J. S. Bach: Brandenburg Concerto No. 3
The development of the concerto, suites and recitatives were prominent throughout the baroque era, with the output of Telemann, Handel and J. S. Bach leading the way. Bach’s style, as it is often remembered, brings to life contrapuntal invention, powerful harmonic language and exceedingly complex religious works for the organ. Bach had a truly devout relationship with God, which resonates in his music, for example St. John Passion and St. Matthew Passion, both of which are incredibly large-scale and complex works.
Bach also published many collections of his work, perhaps the most famous is The Well-Tempered Clavier, which comprises two books, which present preludes and fugues in every key. Bach’s work with harmony is perhaps what he is best known for in education, which his four-part harmony, contrapuntal works and musical structures being at the forefront. Over the course of his life, Bach composed many different styles of music including cantatas, organ works, orchestral music and passions.
In tribute to the Duke of Bradenburg, Bach composed his Brandenburg Concerto collection during the year 1721. This style of writing highlighted the rise of the concerto grosso form, which essentially means there are a number of soloists playing within one small ensemble. The difference we see for No. 3, is that instead of one soloist, Bach has written for three violins, three violas, three cellos and a continuo bass. Like with the concerto style, there are three movements which develop the main melodic ideas, harmonically and structurally.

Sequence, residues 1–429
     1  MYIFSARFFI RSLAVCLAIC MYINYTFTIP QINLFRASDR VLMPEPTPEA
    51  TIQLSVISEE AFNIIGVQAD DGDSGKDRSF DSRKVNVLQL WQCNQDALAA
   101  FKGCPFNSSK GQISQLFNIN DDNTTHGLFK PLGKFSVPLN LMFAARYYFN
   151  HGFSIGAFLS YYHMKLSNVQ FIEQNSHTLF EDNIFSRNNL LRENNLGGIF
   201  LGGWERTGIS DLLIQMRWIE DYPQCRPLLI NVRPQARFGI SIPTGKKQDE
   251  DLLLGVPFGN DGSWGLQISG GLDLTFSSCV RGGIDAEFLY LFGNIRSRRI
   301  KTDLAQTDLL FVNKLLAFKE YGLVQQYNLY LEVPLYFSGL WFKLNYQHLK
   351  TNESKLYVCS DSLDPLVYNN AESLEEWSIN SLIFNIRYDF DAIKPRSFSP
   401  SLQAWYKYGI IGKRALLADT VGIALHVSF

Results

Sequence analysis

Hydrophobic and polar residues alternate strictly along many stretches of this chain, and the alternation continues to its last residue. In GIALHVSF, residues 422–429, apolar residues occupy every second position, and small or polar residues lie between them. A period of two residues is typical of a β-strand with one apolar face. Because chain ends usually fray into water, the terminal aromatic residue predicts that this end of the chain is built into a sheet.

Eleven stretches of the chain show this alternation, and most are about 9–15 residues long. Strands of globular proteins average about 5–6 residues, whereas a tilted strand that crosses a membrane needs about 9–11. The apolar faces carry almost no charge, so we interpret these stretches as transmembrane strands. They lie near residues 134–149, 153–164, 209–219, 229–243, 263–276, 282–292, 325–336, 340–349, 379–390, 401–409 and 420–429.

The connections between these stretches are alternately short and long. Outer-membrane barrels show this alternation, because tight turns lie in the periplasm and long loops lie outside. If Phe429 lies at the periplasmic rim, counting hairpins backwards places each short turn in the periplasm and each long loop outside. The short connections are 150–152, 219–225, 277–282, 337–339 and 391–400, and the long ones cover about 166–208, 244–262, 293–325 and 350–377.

Brandenburg Concerto No. 3 is in G major, making it light, peppy and a perfect fit for the beginning of the work. The beginning of the first section has a driving melody, which is fast-paced and is eagerly passed around all of the ensemble. No. 3 has been likened to works by Vivaldi, which resonates through Bach’s melodic structures. However, the contrapuntal nature of this concerto grosso is unmistakably Bach, due to it’s incredibly clear structures and harmonies.
There are many colourful moments in this concerto, which show through Bach’s powerful sonority. His harmonic changes are quick, delicately presented and resonate Bach’s signature style. The brief Adagio section is accentuated by a solo violin, which very quickly leads into the last section in G major. The rhythms are driving and there is a steady pulse throughout, which offers security for the listener.
The first and third sections accentuate polyphonic texture, which is utilised in many ways, including making the ensemble sound larger, or smaller than what is playing.
The use of dissonance is used sparingly, but when it is, it is because Bach is aiming to build tension. Coupled with fast tremolos, these sections highlight Bach’s harmonic prowess, and make this work even more exciting.
Finally, in terms of form, the first movement is in Ritornello form, with a main melodic line being repeated and passed around the ensemble, and then returned to the original form at the end. The brief Adagio section is based on two chords, as its primary function is a violin improvisation. The final section is in Binary form (AABB).
J.S Bach’s Brandenburg Concerto No. 3, is presented in a new and varied way from the others in the collection, due to its nod to the concerto grosso genre. This exciting, fast-paced and lively work is virtuosic, complex and emphasises how far ahead Bach’s musical mind was in his time.
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